Today’s goal is to practice mindful eating at every meal. The aim is to be consciously aware and present with everything you choose to eat throughout the day.
What is Mindful Eating?
Mindful eating is about being conscious and fully present when you eat. Instead of rushing through your meal, you consciously chew taste, and savor each and every mouthful.
Food is a sensual pleasure, so to enjoy it fully we need to slow down. By chewing properly, we can taste the flavors and feel the texture of the food in our mouths.
Why Mindful Eating?
A lot of people rush their meals and eat while they are feeling stressed, when watching TV, working on their laptops, and making phone calls. In London, I’ve seen people eating while standing on the busy tube, jammed up between fellow commuters at rush hour!
Continuously eating on the go is detrimental to our digestive health and severely limits our absorption of nutrients. We have all heard of the old saying “you are what you eat” but “you are what you absorb” is actually far more accurate.
Digestion begins in our mouths. When we chew, salivary enzymes start breaking food down into smaller, more digestible particles. If we rush chewing and don’t chew enough, food is swallowed in chunks. Large pieces of food are sent to the digestive tract where it takes the stomach longer to process. The potential result is undigested food that stays in our digestive system for longer than it is supposed to.
When we eat when we’re not relaxed, i.e. in ”fight or flight” mode rather than “rest and digest” mode, the undigested food in our intestine can become a breeding ground for bad bacteria and contribute to constipation, bloating gas, and abdominal discomfort.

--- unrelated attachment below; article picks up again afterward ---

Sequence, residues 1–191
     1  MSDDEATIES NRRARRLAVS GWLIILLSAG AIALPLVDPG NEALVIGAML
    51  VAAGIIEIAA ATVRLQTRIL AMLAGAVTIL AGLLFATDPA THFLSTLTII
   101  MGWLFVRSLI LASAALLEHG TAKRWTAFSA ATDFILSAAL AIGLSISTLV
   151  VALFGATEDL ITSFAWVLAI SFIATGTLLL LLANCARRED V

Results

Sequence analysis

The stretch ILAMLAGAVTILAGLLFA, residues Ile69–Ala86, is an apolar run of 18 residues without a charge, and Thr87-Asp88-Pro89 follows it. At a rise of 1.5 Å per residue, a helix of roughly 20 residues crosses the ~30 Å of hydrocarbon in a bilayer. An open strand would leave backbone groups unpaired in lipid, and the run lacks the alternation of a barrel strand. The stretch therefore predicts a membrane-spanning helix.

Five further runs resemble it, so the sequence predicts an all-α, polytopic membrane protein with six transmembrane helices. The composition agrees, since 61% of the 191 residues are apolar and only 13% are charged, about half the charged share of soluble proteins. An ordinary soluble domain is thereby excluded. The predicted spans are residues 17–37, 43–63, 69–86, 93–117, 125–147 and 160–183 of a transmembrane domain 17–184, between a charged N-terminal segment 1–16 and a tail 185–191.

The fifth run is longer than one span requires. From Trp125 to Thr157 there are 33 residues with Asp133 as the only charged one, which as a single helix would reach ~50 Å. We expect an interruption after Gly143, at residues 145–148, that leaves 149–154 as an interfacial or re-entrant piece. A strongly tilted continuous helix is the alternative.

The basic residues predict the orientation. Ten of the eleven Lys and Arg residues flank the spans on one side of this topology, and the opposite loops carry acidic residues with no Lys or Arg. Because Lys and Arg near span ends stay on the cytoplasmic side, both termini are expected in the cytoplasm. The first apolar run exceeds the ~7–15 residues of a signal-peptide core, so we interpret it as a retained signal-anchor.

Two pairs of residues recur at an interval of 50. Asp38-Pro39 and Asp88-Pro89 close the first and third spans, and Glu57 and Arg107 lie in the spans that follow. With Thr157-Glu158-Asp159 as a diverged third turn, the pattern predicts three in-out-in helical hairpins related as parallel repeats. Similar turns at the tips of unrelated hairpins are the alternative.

How to Practice Mindful Eating
Before eating, take 3 deep breaths to help you activate your parasympathetic nervous system, and switch into “rest and digest” mode.
Take a bite of your food and bring your attention and awareness to the physical sensation of eating, to the present moment.
Chew each mouthful slowly and consciously, until the food in your mouth is properly broken down (depending on the density of the food this could involve chewing 40-80 times). You don’t necessarily need to count the mouthfuls, it’s more about getting used to being aware of all the sensations in your mouth and feeling the food is properly broken down, before swallowing.
Practice placing your spoon or fork down in between mouthfuls to slow down the time it takes to it eat. You are also giving your system time to absorb the nutrients.
While you are eating, focus just on eating. Put away any distractions, especially your phone. Dedicate your time to eating and appreciating your food.
Once you’ve developed more mindful eating habits, the next step is to rebalance your diet. On day two we will show you how balancing your fatty acid intake can improve your memory, focus, and overall brain health.
Check out my nutrition hack to shift your wellness for day 2.